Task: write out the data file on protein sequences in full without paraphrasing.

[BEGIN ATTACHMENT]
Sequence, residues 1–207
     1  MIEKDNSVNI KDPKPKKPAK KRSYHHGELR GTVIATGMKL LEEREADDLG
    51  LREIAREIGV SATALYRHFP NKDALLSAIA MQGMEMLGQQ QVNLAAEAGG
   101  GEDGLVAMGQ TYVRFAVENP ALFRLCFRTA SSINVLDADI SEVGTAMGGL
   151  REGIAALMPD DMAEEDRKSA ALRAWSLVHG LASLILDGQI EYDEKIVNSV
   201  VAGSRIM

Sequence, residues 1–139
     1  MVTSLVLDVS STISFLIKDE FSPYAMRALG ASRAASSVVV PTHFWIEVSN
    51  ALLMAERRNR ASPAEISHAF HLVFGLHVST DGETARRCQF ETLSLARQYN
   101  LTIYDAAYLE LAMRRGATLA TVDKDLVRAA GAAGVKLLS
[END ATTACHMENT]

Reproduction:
Sequence, residues 1–207
     1  MIEKDNSVNI KDPKPKKPAK KRSYHHGELR GTVIATGMKL LEEREADDLG
    51  LREIAREIGV SATALYRHFP NKDALLSAIA MQGMEMLGQQ QVNLAAEAGG
   101  GEDGLVAMGQ TYVRFAVENP ALFRLCFRTA SSINVLDADI SEVGTAMGGL
   151  REGIAALMPD DMAEEDRKSA ALRAWSLVHG LASLILDGQI EYDEKIVNSV
   201  VAGSRIM

Sequence, residues 1–139
     1  MVTSLVLDVS STISFLIKDE FSPYAMRALG ASRAASSVVV PTHFWIEVSN
    51  ALLMAERRNR ASPAEISHAF HLVFGLHVST DGETARRCQF ETLSLARQYN
   101  LTIYDAAYLE LAMRRGATLA TVDKDLVRAA GAAGVKLLS